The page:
A New Tesla Just Got Cheaper Again

If you have been holding off on buying a new Tesla EV for the past few months, you definitely made a solid decision in hindsight. The EV automaker has been on a price cut spree since the beginning of 2023, and has silently updated the prices of its cars yet again to make them cheaper, Reuters reports

This is the fifth price cut for Tesla vehicles in the U.S. since the start of the year. The timing of these price cuts is also interesting, given that the United States is set to reduce — and in some cases remove — tax credits on select zero-emission vehicles due to stricter guidelines.

Tesla seems to be pushing ahead with these price cuts despite analysts predicting that further price cuts will almost certainly affect Tesla's industry-leading profit margins. These new price cuts also come in the backdrop of Tesla's first-quarter results, in which the company confirmed a 4% increase in overall vehicle deliveries.

Tesla is estimated to have shopped more than 423,000 vehicles in the first quarter of 2023, and hopes to sell more than 1.8 million cars by the end of 2023. While Tesla continues to focus on the U.S. market, the company has been witnessing increased demand from other potential high-growth markets like China, Europe, and the rest of Asia.

How much are the new Tesla models?

Tesla's cheapest offering, the Tesla Model 3 (in RWD configuration) now starts at $41,990 (as opposed to the older $42,990 MSRP). The AWD model is now listed at $52,990, compared to $53,990 previously. The Tesla Model Y Long Range model now starts at $52,990, compared to $54,990 — making it $2000 cheaper. The Tesla Model Y Performance model also gets $2000 off and is down to $56,990 from its older price tag of $58,990.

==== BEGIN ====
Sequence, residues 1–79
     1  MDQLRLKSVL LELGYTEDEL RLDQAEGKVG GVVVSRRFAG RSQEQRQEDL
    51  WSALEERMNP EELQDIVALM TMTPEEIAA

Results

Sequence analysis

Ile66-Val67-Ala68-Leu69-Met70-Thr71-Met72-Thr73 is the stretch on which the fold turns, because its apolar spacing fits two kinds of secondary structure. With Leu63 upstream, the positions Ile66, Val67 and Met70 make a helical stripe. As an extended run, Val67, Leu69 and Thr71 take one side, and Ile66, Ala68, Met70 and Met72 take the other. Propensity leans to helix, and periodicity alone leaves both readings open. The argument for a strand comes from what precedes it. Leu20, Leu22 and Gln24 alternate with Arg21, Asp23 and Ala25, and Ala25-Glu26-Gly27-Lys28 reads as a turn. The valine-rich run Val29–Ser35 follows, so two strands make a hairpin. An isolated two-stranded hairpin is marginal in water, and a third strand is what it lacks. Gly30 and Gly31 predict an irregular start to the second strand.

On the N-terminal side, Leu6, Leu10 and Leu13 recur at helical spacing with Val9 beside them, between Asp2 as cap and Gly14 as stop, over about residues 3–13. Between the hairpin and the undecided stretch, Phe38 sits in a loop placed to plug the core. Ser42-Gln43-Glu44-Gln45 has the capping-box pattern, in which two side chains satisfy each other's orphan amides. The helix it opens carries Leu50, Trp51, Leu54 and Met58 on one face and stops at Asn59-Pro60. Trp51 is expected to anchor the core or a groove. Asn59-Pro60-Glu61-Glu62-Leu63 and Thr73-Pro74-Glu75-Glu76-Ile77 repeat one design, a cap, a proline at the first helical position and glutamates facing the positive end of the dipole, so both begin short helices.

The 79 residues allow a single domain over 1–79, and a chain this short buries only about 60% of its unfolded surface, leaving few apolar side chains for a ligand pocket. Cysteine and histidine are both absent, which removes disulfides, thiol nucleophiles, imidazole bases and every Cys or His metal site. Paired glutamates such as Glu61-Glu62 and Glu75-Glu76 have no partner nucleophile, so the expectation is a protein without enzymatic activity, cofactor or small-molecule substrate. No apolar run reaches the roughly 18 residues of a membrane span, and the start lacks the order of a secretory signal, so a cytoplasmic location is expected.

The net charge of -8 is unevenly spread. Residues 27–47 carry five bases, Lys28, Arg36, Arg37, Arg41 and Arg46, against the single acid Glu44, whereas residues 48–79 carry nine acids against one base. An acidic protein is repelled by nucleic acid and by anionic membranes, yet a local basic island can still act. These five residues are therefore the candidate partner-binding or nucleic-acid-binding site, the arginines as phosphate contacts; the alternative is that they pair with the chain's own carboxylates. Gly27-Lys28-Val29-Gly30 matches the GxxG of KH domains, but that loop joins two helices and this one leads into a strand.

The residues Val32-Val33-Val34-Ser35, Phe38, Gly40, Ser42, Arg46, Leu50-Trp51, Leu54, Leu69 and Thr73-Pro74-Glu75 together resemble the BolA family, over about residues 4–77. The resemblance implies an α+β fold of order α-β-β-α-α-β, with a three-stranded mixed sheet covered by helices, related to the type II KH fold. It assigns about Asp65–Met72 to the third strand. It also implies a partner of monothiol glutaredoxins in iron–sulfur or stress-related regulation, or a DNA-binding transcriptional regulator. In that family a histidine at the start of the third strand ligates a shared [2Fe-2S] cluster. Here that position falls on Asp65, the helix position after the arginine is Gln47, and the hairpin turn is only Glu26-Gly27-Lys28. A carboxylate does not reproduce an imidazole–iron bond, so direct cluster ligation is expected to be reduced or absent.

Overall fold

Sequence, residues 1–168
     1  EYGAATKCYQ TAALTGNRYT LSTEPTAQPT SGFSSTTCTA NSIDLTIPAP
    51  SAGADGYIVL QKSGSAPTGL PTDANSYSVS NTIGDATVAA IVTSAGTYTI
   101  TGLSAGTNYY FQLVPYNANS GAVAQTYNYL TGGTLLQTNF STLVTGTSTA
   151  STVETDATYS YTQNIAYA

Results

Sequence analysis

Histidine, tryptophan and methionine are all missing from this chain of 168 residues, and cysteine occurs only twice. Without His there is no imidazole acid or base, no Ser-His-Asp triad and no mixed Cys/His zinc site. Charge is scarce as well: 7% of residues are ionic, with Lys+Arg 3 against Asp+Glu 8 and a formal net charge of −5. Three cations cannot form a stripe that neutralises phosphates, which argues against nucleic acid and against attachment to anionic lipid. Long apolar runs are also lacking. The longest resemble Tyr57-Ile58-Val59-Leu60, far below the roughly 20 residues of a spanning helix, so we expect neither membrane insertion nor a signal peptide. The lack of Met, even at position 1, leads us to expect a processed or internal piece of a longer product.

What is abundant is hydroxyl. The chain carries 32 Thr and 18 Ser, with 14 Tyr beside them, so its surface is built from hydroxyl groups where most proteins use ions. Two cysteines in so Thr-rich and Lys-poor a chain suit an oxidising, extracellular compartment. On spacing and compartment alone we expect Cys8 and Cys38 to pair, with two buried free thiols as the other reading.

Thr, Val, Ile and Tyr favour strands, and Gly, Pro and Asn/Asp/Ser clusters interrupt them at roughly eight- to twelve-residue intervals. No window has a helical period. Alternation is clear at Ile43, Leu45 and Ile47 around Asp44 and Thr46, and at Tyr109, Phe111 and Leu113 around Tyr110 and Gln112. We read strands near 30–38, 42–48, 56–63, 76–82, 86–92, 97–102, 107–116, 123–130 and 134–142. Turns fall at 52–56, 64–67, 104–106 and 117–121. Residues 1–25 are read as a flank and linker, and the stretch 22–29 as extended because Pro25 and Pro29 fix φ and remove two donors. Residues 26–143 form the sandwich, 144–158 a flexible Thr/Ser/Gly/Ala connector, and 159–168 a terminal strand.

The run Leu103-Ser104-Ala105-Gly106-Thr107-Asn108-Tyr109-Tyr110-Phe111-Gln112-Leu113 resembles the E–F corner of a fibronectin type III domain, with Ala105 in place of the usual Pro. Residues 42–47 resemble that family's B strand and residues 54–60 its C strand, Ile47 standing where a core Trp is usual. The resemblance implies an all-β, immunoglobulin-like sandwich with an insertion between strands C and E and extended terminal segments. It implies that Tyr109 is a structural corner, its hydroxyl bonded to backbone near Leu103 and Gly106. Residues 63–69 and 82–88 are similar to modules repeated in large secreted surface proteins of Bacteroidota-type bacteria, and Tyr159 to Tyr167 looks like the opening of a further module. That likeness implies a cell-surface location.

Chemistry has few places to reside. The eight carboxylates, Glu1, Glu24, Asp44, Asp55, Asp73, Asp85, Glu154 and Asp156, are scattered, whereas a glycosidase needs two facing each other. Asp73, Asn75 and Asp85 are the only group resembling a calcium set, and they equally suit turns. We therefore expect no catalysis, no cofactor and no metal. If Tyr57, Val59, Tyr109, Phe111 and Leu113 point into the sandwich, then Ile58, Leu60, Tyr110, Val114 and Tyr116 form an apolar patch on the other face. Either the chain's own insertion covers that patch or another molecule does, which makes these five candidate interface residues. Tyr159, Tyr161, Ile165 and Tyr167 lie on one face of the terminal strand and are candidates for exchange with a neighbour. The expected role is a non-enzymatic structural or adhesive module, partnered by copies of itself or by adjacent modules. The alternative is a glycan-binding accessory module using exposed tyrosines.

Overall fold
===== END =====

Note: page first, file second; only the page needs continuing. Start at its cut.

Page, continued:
Next up, the Tesla Model S, in its dual-motor AWD configuration, sees a significant price drop of $5000. This model now starts at $84,990 instead of $89,990. Similarly, the tri-motor AWD variant of the Model S went from $109,990 to $104,990, also making it $5000 cheaper. 

Tesla has also reduced prices of the Model X lineup, with the dual-motor AWD variant of that model now costing $94,990 (instead of $99,990 earlier). The Model X Plaid also gets the same price cut as the Model S Plaid, and is now down to $104,990 — compared to $109,990 before.

While the average consumer may be delighted with these price cuts, it remains to be seen whether this move forces Tesla's competitors to follow suit — potentially beginning an industry-wide price cut spree as EV options expand.